Monkey Business

February 04, 2021

Writing An Article About Freja Beha Erichsen kept me in a loop for a while. Life really is simple. It’s the people who like to complicate it. Or don’t, but still do.

… Yet Her Pictures Keep Me Here is what I wrote in my Instagram stories, each word on each of Freja’s photographs I’d selected from ~yes~ Instagram without thinking. But ~wishful thinking~ that if I would have done so (write the actual words on the photographs), I would have, eventually, written everything that crossed my mind (or something) about a girl I would have turned gay for. For a day. A week.

Everything. Sounds big. It is, because there’s something this woman has that makes me, instantly, at once, both relax and straighten my back bone. And lose the track of time. It’s Sunday evening and here I am, not stopping from looking at pictures of her, from on top of my bed.

There are people who have this power of making people feel present by being present. Through a photograph, a screen even. Imagine what it feels like in real life. Most of us hear it all the time – be present – now more than ever, in the world of 2020, although ~newsflash~ it’s 2021. There must be some sort of joke about hearing a thing, knowing a thing, but almost refusing to do the thing? Choosing not to. Choosing to.

Being present is one thing. Exercising is another. Eating fruit and vegetables versus taking yourself too seriously when talking about eating. Yes, talking. There are some jokes about vegans. About people who run the marathons. Yes, those. I don’t remember them, but I can mentally smile at them.

Worrying, in some sort of sense, has been part of my life (while writing, I’m also hoping to change has been to had been as soon as I finish this phrase), so I’m beyond happy when I realise I manage not to and it is precisely then that the most wonderful things happen. Usually, with a special kind of people. It sounds so simple, magical even, and it is. The mindset and the people.

Where is this going?

So, I guess people tricked themselves into believing they needed games. If there are no games, they think life is, you know, simple and it can’t be simple. Just true and clean. Easy. It seems like, sometimes, people don’t even consider this as an option, so they start making all these things up just to confirm their belief that life isn’t, indeed, as beautiful as they haven’t even dreamt of believing it to be. It is! I’m on the no games boat and it was at the sight of the games boat that the worries had started to form. Had started – a tense to show an action that both started and ended in the past.

Be here, be in the now, ha!

I can’t remember when this love started, ten or maybe more years ago. I’ve always liked cool ladies that minded their own business. What I can tell you for sure is that it is Freja who stars in the Saint Laurent ad I tore from Vogue. I love Freja, her float tattoo floating in a pool, her Saint Laurent dress by Anthony Vaccarello (Winter 2019), shot by Juergen Teller, and well, Vogue.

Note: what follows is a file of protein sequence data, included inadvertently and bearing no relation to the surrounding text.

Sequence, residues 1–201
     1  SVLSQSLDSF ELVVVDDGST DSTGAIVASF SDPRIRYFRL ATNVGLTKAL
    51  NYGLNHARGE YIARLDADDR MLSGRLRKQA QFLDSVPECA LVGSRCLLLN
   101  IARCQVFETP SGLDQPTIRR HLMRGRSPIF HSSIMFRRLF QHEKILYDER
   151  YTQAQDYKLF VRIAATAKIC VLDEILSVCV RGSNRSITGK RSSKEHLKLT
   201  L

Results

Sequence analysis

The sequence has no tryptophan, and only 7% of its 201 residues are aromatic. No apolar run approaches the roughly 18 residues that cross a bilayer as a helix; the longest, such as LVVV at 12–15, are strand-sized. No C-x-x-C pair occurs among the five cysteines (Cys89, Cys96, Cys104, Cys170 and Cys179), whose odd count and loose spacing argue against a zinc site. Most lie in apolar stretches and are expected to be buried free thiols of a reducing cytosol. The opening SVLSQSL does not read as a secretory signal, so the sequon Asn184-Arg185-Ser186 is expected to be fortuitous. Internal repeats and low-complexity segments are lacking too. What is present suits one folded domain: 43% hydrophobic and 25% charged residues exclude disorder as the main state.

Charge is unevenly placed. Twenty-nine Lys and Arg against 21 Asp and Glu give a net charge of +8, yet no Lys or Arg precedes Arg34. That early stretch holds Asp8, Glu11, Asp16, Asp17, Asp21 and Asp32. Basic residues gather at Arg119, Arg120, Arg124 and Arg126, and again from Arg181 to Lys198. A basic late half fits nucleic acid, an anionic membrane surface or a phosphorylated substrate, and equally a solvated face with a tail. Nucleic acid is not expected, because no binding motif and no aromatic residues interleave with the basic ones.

I tore the picture from Vogue, kept on my desk for a while, then got framed and is, currently, on the wall in the living room, just beneath the disco ball at home. And Whitney.

It reminds me to float through life, just take it easy, be calm, just float. Literally. It takes discipline. Especially when my head seems about to explode. Or heart. Especially heart. It also reminds me of the fact that I thought of having a little monkey when I was a kid.


I’m so used to my phone home screen, that I almost forget about it. I have to stop, once in a while, and marvel at the picture it features. The same Freja ad. Well, when I like something, I really like something.

Self-discipline takes us to self-respect. To live without self-respect is to lie awake some night, beyond the reach of warm milk, phenobarbital, and the sleeping hand on the coverlet, counting up the sins of commission and omission, the trusts betrayed, the promises subtly broken, the gifts irrevocably wasted through sloth or cowardice or carelessness. However long we post-pone it, we eventually lie down alone in that notoriously un- comfortable bed, the one we make ourselves. Whether or not we sleep in it depends, of course, on whether or not we respect ourselves (Joan Didion, Self Respect. Its Source. Its Power, Vogue).

It’s tricky when you let yourself float, you don’t worry, everything and everyone around you seems to say float, but then a wave comes. Luckily, again, I like waves also. At first, I might be surprised by the wave, but then I ride it. Alone or not, I ride it. When I feel I can, I let myself float again. When I choose, again, to float. To open my heart again and again and again, because live all you can, it’s a mistake not to (Henry James).

Float through life, just take it easy, be calm, not so much stress, just float…

Float feels like a good synonym for surrender.

In brief, people with self-respect exhibit a certain toughness, a kind of moral nerve; they display what was once called character, a quality which, although approved in the abstract, sometimes loses ground to other, more instantly negotiable virtues (Joan Didion, Self Respect. Its Source. Its Power, Vogue).

Loop feels like a good synonym for wave.

Because monkeys are cool.

You know when you float on water, in the sea or ocean, let’s say, and look at the sky, the sun…? And it’s all baby blue and shiny and calm and free…

Hey, this is Cristina Pavelescu wearing a music cassette sweater, decoding (life) style and writing from wherever, yet always living in OZ, a world I invite you into. To smile in front of our screens (and live one day), put any kind of questions, answer in writing (or imagination) and marvel at fashion which is, in fact, style.


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